California Beach Safety - Beaches

 

Avoid Beach Waters after the New Moon

Avoid Swimming in the Pacific Ocean after it rains.

Beach germs, tides linked
New study points to an odd lunar pattern in ocean contamination.

People worried about exposure to bacteria might want to avoid swimming in the ocean during new or full moons, according to a new study.

The study, of 60 beaches from Point Zuma to Corona del Mar, showed that counts of one type of bacteria associated with human sewage rise at certain times during the lunar cycle. And so far, no one knows why.

The effect was noted in 2002 at Huntington Beach by Alexandria Boehm, a Stanford University environmental engineer.

Boehm wondered if it was a peculiarity of Huntington Beach or something more widespread. So she analyzed ocean-water sampling data up and down the coast, and found that almost all showed the same pattern.

The tides that occur during new or full moons are known as spring tides, when high and low tides are at their extremes. (The term has nothing to do with the season.)

"My friends ask me – 'cause I study dirty beaches – 'When should I go to the beach?'" Boehm said Friday. "I say, if you're worried about it, I wouldn't go to the beach during spring tides."

The effect was strongest, she said, when the tide was ebbing during a spring tide.

Monica Mazur, a senior environmental-health specialist at the Orange County Health Care Agency, said others have been noticing that effect since at least 1999. But she believes it is often too small an effect to be useful for regulation of beaches, such as by issuing warnings about bacteria.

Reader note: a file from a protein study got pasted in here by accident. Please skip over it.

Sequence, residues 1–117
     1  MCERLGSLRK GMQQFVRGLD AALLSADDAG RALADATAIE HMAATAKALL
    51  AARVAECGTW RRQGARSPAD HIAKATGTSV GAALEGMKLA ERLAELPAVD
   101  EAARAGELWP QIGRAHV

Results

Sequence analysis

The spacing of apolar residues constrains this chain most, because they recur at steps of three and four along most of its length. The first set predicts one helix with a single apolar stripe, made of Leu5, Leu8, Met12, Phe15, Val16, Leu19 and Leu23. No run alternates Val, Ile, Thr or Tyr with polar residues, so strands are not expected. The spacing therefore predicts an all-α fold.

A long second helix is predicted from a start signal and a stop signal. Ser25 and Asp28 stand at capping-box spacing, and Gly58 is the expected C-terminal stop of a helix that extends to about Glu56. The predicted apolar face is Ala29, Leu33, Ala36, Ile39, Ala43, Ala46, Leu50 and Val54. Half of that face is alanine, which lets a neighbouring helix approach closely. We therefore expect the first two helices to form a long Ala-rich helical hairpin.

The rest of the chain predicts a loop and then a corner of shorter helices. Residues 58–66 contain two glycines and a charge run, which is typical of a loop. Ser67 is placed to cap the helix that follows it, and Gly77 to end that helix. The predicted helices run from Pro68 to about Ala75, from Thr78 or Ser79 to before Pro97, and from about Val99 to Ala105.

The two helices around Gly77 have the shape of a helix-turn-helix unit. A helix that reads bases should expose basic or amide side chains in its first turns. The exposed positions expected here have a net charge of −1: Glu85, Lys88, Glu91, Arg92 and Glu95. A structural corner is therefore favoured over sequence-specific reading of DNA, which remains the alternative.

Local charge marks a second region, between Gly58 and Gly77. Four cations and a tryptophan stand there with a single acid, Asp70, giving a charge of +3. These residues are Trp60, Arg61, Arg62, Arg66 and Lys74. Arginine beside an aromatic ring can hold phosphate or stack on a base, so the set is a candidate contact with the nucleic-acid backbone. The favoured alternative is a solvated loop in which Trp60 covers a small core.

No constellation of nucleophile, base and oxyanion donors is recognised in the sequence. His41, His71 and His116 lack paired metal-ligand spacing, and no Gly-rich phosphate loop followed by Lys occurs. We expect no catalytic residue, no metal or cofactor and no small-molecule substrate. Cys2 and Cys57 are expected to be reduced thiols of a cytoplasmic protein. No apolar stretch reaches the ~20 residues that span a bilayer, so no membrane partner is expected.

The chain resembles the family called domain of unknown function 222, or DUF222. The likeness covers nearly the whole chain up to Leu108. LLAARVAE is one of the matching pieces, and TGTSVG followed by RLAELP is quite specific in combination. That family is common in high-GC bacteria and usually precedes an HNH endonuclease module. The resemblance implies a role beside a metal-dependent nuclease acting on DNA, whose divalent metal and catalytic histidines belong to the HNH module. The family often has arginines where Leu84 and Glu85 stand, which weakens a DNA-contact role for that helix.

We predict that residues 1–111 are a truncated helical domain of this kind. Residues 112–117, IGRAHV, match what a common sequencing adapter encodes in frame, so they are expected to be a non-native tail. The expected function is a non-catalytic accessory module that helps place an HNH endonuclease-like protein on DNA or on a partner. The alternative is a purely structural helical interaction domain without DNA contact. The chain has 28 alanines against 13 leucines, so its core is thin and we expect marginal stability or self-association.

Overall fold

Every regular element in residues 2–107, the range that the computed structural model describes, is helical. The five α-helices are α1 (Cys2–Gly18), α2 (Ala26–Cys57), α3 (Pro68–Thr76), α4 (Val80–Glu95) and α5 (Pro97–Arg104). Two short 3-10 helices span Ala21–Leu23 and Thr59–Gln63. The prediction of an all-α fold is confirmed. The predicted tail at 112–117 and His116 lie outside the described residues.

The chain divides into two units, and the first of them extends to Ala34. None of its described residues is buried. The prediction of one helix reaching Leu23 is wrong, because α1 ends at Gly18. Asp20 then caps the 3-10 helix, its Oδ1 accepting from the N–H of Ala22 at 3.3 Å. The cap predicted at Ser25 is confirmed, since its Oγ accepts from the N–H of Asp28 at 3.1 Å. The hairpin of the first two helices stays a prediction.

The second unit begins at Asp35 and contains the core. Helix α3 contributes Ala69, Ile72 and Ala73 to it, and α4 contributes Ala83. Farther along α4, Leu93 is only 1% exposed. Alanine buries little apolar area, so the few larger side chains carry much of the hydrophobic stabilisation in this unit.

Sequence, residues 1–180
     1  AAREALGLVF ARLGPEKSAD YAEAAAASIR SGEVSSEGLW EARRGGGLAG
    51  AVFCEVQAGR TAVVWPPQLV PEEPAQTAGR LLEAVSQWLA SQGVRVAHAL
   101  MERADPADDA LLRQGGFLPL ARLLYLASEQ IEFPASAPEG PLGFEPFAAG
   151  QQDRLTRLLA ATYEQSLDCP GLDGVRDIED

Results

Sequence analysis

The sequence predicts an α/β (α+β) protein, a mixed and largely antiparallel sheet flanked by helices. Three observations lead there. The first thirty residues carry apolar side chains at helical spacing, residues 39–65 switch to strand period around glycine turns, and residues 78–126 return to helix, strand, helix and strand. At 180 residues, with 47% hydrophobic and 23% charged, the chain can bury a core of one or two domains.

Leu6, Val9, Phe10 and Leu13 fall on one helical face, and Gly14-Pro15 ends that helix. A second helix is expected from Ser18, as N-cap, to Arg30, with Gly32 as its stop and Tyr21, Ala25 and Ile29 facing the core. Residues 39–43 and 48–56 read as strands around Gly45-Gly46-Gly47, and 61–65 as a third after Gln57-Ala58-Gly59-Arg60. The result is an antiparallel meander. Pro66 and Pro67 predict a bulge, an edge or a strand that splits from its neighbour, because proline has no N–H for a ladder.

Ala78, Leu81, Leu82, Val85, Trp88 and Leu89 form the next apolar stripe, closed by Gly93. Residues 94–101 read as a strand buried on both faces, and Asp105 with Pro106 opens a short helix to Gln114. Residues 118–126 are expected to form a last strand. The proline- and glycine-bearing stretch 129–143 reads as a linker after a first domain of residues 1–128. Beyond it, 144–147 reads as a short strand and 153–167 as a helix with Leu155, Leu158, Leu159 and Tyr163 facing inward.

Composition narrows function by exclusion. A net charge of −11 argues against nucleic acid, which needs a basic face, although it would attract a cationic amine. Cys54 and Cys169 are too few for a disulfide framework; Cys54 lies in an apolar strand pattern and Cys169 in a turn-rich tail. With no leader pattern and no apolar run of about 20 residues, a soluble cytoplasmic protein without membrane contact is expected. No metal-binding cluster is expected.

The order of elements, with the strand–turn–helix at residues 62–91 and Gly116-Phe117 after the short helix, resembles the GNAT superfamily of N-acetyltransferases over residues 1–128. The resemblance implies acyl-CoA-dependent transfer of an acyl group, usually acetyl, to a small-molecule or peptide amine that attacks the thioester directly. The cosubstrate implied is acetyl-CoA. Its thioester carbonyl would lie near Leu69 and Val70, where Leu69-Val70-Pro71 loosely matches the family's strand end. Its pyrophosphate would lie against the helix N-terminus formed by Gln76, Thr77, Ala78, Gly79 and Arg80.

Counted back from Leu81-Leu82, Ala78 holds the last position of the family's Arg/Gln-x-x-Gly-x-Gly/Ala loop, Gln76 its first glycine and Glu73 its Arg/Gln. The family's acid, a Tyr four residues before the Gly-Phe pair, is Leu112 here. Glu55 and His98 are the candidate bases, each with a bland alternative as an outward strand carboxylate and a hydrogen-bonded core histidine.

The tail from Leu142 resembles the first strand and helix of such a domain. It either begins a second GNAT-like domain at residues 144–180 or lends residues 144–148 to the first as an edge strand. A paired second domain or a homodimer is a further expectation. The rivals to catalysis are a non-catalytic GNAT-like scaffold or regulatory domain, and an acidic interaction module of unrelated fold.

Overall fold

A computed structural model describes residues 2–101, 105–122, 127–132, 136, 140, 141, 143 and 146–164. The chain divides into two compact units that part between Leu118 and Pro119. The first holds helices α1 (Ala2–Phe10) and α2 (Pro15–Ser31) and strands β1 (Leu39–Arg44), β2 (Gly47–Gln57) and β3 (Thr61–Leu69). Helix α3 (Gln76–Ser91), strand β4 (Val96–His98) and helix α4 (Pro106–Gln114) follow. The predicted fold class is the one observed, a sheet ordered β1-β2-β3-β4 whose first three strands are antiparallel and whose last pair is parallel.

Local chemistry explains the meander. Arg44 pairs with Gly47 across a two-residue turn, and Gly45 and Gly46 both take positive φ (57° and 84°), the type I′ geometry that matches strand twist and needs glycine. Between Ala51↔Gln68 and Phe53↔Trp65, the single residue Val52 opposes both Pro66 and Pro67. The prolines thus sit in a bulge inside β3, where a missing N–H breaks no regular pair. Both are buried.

The bacteria, enterococcus, is one of three measured by regulators to determine whether human sewage is present in a water sample. But it can also be found in decaying plants and the feces of animals, including birds.

Another possible source, said Boehm: polluted groundwater just beneath the surface near the coast.

For now, experts say, the finding is an interesting result that will require further research. Boehm's study, which she worked on with the Southern California Coastal Water Research Project in Westminster, appears in the Aug. 1 issue of Environmental Science & Technology, a journal published by the American Chemical Society.
 


JELLYFISH: Jellyfish are free swimming, colorless, and range in size from a few inches to three feet in diameter. They sometimes appear during the summer months. Their tentacles cause an uncomfortable reaction when they come in contact with human skin. Although jellyfish do not cause serious risk, if stung, report to the nearest staffed lifeguard station for first aid. If an allergic reaction occurs, dial 911 immediately.

 

    

 


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